Irish’s latest thriller concerns a private sector of the CIA monitoring citizens for a study on gun violence.
Former U.S. Army Col. Devlin McConnelly is on the run from Henri Edwards North America, which had employed Devlin to collect intel for a CIA study on gun control. Devlin is aware of deficiencies with the study. But the program continues to recruit, enlisting Lorabell Cardigan, a professor of behavioral science, to ensure those susceptible to gun violence are given ample opportunity to crack—for data to use in the company’s study. Irish’s (The Golden Goose of Los Angeles, 2013, etc.) novel is a riveting narrative that on occasion comes across as a short story collection since there are several self-contained subplots—a mystical priestess targets a drug cartel in Costa Rica; an American businessman endures ritual torture in a brutal ceremony; and Devlin dodges would-be assassins. The book shifts focus from Devlin, the best (and most morally sound) character, for nearly half of the narrative before he finally returns in full force—attacking a CIA facility and engaging in a blistering action sequence set at a mall. The novel’s best scenes involve Lorabell at the Observation Datacenter keeping a watch on four case studies with the potential for gun violence: a burn victim and survivor of a motorcycle collision; a man who lost his wife to cancer and his daughter to a bus accident; a Marine whose wife was raped while he was overseas; and a mentally unstable woman whose husband left her for her sister. These scenes are often cruel and memorable—CIA assets psychologically torment the widower, for instance, by aiming some of the harassment at his girlfriend and his dog. Irish leaves room for another installment in the series, but he leaves a few too many things unanswered, including any indication as to the priestess’s origins, and while a notable villain gets comeuppance, Devlin isn’t given closure. Regardless, readers will be ready for the series to continue.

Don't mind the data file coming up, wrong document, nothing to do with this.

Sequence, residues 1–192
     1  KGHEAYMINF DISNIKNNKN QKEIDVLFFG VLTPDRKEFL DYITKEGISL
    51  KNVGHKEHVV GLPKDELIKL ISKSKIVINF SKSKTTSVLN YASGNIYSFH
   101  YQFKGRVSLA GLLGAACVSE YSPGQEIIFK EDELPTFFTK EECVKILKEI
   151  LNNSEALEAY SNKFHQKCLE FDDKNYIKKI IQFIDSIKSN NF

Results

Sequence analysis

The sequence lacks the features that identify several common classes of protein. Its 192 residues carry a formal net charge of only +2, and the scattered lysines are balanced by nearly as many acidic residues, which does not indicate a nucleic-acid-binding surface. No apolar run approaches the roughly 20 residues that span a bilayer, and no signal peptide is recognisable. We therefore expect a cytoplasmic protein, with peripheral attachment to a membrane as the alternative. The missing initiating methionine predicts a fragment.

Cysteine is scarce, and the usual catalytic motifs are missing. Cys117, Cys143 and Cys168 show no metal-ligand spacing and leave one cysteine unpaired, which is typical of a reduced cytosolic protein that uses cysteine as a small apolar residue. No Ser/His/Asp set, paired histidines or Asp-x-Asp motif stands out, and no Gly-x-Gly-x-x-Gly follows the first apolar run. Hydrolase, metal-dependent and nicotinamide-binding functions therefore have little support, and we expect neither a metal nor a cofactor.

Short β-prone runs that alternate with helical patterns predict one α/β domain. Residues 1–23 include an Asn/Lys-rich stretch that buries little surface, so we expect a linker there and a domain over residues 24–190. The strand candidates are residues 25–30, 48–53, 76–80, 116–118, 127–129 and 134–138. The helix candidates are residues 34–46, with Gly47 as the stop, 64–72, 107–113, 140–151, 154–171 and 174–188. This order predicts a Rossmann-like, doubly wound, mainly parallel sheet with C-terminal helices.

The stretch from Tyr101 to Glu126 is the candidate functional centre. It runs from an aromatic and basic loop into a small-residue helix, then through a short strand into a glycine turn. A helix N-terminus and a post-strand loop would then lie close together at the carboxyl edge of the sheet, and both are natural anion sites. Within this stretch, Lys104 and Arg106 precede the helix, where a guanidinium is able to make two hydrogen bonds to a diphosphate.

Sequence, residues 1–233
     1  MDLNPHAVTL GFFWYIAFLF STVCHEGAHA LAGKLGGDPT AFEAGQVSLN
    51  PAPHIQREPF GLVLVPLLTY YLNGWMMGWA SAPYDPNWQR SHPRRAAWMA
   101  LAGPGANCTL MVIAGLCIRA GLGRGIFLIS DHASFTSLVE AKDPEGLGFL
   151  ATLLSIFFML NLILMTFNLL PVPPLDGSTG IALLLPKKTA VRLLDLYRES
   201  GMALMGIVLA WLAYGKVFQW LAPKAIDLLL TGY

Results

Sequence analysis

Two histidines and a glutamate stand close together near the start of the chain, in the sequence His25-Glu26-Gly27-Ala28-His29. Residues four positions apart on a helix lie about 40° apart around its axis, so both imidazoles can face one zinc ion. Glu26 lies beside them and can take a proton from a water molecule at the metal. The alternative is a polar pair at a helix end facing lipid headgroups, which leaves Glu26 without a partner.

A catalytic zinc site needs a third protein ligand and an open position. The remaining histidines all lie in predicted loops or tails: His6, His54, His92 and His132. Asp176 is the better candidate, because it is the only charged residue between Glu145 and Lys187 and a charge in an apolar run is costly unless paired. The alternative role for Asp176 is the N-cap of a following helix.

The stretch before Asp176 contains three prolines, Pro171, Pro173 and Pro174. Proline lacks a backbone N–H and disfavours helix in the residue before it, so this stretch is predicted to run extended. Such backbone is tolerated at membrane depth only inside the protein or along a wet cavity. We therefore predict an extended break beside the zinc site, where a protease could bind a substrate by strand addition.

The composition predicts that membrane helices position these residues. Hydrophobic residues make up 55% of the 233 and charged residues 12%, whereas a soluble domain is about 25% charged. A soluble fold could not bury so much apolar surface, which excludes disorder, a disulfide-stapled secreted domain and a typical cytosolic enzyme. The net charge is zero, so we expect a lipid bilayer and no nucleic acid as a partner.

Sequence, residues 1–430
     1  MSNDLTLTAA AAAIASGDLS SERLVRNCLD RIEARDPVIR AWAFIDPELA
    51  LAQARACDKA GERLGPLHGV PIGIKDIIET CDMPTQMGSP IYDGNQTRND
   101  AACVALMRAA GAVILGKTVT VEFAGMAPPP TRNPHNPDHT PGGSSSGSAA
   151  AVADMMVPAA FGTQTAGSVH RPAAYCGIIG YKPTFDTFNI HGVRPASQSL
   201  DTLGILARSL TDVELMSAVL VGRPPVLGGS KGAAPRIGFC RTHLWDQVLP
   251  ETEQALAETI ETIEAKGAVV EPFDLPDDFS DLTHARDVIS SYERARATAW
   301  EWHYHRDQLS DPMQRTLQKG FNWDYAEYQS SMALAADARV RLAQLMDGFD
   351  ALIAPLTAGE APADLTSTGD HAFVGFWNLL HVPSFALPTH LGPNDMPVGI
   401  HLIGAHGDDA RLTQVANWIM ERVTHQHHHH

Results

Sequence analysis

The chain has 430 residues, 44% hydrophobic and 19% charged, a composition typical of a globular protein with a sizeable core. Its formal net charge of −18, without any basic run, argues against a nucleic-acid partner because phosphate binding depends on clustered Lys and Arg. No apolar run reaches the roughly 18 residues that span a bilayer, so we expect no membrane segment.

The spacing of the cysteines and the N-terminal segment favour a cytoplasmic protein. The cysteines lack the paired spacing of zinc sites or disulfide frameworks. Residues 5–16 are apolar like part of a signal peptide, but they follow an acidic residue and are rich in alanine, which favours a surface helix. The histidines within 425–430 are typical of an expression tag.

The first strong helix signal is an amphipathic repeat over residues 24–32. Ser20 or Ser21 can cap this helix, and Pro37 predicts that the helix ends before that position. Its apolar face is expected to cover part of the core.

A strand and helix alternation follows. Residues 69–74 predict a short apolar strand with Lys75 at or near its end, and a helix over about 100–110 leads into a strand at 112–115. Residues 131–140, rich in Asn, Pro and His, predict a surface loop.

A scorching tale that, despite sadistic acts inflicted on its characters, manages to be uplifting.